On 4 April 2016, the Health and Safety at Work Act (HSWA) came into force bringing new responsibilities for managing work-related risks that could cause serious injury.
The new law is part of a reform package aimed at reducing the number of serious work-related injuries and deaths in New Zealand by at least 25 percent by 2020.
Every year 52 people die on the job, hundreds more are seriously injured, and 600-900 die from work-related diseases.
On 4 April 2016, the Health and Safety at Work Act (HSWA) came into force bringing new responsibilities for managing work-related risks that could cause serious injury. The new law is part of a reform package aimed at reducing the number of serious work related injuries and deaths in New Zealand by at least 25 percent by 2020.
We are now all required to cooperate and coordinate how we manage risks collectively.
Your responsibilities will match what you can reasonably influence and manage. A duty imposed under the HSWA requires the person to eliminate risks to health and safety, so far as reasonably practicable.
What does ‘so far as reasonably practicable’ mean?
Something is ‘practicable’ if it is possible or capable of being done. ‘Reasonably’ doesn’t mean doing everything humanly possible to manage a risk. It means doing what other businesses would reasonably do in the same situation.
What every business needs to understand is:
> What its work-related health and safety risks are –particularly those that have the potential to cause workers and others serious injury or illness.
> The likelihood of those risks occurring.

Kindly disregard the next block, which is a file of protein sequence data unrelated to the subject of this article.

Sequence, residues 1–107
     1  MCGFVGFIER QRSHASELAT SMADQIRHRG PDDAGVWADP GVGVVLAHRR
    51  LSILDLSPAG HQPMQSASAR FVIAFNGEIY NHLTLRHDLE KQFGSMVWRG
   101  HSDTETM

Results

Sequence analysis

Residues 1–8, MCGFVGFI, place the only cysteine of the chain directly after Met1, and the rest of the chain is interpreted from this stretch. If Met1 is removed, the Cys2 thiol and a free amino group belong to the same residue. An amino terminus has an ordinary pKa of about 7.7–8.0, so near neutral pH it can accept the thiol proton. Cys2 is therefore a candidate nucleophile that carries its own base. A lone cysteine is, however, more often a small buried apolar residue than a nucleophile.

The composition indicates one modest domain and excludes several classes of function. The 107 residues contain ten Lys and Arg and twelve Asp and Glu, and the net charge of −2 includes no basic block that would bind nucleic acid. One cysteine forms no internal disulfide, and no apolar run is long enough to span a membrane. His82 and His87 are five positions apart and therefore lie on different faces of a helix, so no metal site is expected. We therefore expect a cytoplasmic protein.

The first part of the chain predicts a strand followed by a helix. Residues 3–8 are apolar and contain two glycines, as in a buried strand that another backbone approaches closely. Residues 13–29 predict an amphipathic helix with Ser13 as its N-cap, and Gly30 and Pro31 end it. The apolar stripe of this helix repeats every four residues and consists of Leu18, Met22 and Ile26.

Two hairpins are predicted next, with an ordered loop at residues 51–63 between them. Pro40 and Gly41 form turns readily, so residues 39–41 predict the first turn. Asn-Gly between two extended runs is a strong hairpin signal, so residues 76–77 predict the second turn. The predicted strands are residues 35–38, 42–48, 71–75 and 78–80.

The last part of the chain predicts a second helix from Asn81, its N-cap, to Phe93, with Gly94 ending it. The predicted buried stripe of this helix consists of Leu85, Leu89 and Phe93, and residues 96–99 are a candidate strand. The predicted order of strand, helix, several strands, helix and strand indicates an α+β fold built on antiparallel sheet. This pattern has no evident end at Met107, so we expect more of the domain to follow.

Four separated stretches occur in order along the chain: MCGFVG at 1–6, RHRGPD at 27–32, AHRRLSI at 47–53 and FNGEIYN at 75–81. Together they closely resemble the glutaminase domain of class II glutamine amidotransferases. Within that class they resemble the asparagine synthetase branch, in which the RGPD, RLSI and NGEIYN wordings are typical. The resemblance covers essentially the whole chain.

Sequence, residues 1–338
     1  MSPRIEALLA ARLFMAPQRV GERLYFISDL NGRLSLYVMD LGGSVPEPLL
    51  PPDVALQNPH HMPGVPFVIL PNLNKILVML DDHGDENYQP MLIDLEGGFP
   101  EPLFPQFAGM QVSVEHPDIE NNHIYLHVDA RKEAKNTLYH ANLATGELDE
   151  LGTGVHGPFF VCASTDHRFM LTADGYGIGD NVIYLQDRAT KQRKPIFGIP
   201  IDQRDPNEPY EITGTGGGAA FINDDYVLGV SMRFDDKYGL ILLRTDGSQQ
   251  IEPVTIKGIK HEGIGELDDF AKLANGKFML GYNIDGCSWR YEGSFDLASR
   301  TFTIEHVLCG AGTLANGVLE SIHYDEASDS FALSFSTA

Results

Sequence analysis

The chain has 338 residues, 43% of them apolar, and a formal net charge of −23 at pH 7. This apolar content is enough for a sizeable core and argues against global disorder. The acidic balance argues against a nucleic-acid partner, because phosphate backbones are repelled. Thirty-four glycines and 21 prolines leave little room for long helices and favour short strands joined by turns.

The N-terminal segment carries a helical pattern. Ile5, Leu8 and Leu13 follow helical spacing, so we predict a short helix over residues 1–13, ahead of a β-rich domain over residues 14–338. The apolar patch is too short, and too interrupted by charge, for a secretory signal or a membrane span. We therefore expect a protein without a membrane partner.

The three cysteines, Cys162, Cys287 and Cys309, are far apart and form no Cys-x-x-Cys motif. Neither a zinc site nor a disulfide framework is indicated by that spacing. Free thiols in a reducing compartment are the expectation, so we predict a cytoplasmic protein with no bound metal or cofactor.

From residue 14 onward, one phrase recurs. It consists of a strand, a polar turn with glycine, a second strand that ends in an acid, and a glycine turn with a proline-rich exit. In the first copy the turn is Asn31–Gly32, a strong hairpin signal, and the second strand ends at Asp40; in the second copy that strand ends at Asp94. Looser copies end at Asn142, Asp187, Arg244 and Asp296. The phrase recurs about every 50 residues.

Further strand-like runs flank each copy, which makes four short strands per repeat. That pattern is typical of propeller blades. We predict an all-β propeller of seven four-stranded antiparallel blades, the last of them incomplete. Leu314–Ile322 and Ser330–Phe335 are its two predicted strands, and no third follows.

> The degree of harm that could result from those risks.
> The options to eliminate the risks.
> The options to minimise the risks (where they cannot be eliminated).
> The associated costs. Consideration of cost should only take precedence over safety when it is grossly disproportionate to the risk.
Businesses have a duty to do what’s reasonably practicable to ensure the health and safety of their workers. Most businesses, whether large corporates, sole traders or self employed are classed as PCBUs and have the primary duty of care to ensure health and safety.
A PCBU (Person Conducting Business or Undertaking) usually refers to a business entity (rather than an individual person) and must ensure the health and safety of its workers it influences or directs. This is called the ‘primary duty of care’.
When two or more businesses operate together, they must work together to fulfil their primary duties of care. A business cannot contract out its duties. However, reasonable arrangements can be made with the other businesses to fulfil its duty, taking into account the level of influence or control each has over the overlapping work.
A person is an officer if they have a position that allows them to exercise significant influence over the management of a business. The role of an officer is to exercise due diligence, ensuring the business meets its health and safety obligations under HSWA.
A worker is an individual who carries out work in any capacity for a business or undertaking. Workers must follow any reasonable health and safety instructions given to them by the business and take reasonable care of their own health and safety.
What is the primary duty of care?